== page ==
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Example: I have this block, and I want to update a label on the screen:

[self.motionManager startDeviceMotionUpdatesToQueue:[NSOperationQueue currentQueue] withHandler:^(CMDeviceMotion *deviceMotion, NSError *error) {
        CMAcceleration *userAcceleration = deviceMotion.userAcceleration;
        self.labelX.text = [NSNumber numberWithFormat:@"%f", userAcceleration.x];
     }];

I fear this won't work well. Threading-problems, etc? Suggestions?

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1  
Just an observation: It should be [NSString stringWithFormat: since the text property is an NSString. –  Evan Mulawski Mar 31 '11 at 12:21

2 Answers 2

up vote 1 down vote accepted

If you have reference to the label you can use performselectoronmainthread method to update it on the main thread. Yes the UI is not thread safe.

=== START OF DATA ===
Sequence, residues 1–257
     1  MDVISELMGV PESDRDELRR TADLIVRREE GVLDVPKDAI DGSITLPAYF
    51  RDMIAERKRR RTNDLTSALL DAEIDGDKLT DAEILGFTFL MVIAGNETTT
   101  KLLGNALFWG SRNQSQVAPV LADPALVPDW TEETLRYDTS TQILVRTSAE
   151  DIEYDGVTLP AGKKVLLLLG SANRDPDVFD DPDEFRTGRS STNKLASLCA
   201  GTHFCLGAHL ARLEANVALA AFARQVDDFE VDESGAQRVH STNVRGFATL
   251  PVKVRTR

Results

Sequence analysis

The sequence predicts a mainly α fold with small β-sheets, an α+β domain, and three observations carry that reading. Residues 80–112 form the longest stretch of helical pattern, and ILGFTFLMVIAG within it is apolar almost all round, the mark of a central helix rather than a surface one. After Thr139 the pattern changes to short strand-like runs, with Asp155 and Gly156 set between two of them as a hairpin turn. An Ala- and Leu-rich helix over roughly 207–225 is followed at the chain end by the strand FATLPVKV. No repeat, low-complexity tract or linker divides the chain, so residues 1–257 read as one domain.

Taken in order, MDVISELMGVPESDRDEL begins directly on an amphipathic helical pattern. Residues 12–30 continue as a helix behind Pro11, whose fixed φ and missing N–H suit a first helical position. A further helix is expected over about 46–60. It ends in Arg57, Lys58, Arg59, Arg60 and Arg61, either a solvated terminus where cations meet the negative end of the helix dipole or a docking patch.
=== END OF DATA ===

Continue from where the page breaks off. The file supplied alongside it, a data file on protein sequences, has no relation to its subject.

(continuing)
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Someone just pointed out to me that UIKit has been made thread-safe since iOS 4. Is this true? –  Proud Member Mar 31 '11 at 12:22
1  
The calls are thread safe - that's cool. But for complicated drawing, from multiple (main + nsop) threads at once you may not crash, but end up with a mess from the user's point of view, one would think. It may be for this question that its ok. Also the thread safe thing is only in certain conditions, as laid out in developer.apple.com/library/ios/#releasenotes/General/… –  Tom Andersen Mar 31 '11 at 12:40

As a more elegant solution than using -performSelectorOnMainThread:, you could simply use a block to guarantee your UI update is on the main thread:

[self.motionManager startDeviceMotionUpdatesToQueue:[NSOperationQueue currentQueue] withHandler:^(CMDeviceMotion *deviceMotion, NSError *error) {
    CMAcceleration *userAcceleration = deviceMotion.userAcceleration;

    dispatch_async(dispatch_get_main_queue(), ^{
        self.labelX.text = [NSString stringWithFormat:@"%f", userAcceleration.x];
    });
}];

Note that [NSOperationQueue currentQueue] will return the main queue if that's where you run the above code from, so your callback will already be running on the main queue in that case.

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